“From Te Kaha in the north, to Te Wairoa in the south, Te Tairawhiti is full of people doing interesting and exceptional things in their respective areas,” Mr Jones said.

Each interview was applauded by the audience of about 170 people at Lawson Field Theatre, with some stories receiving cheers of support, some prompting tears and others creating fits of laughter.

“Stories provide a lens by which we can see a perspective and a world,” Mr Jones said.

“We all live in this community but the viewpoints and perspectives are all different and this is reflected in the different spaces, groups and interactions we have with each other.

“This project provides the opportunity to explore the different worlds we are a part of here in Te Tairawhiti.”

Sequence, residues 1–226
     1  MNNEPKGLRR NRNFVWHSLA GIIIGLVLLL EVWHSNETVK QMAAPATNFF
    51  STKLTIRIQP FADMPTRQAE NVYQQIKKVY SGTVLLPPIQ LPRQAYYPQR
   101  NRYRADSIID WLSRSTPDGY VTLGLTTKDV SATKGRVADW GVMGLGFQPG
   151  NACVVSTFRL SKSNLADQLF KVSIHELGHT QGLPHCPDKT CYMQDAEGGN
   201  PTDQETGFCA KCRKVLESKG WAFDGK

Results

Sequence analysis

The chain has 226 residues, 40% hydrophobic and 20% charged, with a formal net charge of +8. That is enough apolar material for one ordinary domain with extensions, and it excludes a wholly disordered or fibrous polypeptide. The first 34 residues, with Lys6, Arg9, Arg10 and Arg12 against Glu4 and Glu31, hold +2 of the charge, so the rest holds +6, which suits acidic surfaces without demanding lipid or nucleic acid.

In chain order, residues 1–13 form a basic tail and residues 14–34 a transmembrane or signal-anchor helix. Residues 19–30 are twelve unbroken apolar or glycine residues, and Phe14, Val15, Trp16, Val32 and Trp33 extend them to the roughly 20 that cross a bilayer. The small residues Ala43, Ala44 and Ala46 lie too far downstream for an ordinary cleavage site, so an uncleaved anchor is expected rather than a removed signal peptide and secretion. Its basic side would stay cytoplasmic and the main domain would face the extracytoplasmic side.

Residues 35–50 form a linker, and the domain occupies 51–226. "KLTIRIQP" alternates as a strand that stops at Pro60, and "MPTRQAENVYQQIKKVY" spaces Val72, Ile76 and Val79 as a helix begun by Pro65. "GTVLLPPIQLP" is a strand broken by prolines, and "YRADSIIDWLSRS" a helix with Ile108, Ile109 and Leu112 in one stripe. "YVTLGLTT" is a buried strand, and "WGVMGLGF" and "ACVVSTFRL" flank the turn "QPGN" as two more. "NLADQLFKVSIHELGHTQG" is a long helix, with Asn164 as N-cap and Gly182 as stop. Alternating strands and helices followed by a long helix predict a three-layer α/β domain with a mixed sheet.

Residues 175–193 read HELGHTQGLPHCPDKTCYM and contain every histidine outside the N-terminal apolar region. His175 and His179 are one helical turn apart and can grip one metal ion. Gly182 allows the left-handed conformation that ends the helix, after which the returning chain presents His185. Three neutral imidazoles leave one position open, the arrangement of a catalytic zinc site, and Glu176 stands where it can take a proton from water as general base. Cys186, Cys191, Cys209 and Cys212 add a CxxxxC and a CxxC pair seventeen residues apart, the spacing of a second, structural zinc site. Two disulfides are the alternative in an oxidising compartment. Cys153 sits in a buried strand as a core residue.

The producers, along with The Gisborne Herald video production team of Ben Cowper and Jon Rush, knew there were many more stories, people and groups doing amazing things in the community.

“We consider this the tip of the iceberg in terms of our stories. There are plenty more unsung heroes that we weren’t able to include due to the number of interviews we could conduct,” Mr Jones said.

“The key to this is the diverse range of stories and viewpoints. We looked to interview people from various backgrounds (ethnic and professional), age, gender and geography.”

Mr Rush said, “telling the stories of Tairawhiti people in a positive way on a challenging topic” made it a “super special project” to work on.

“Whether it is in the arts, visual story telling, sports or farming, everyone has a story and these stories only enrich an understanding of who our community is and the uniqueness of what makes Te Tairawhiti great,” Mr Jones said.

The project was co-funded by New Zealand on Air and Eastland Community Trust, with further support from Te Ha Trust and The Gisborne Herald.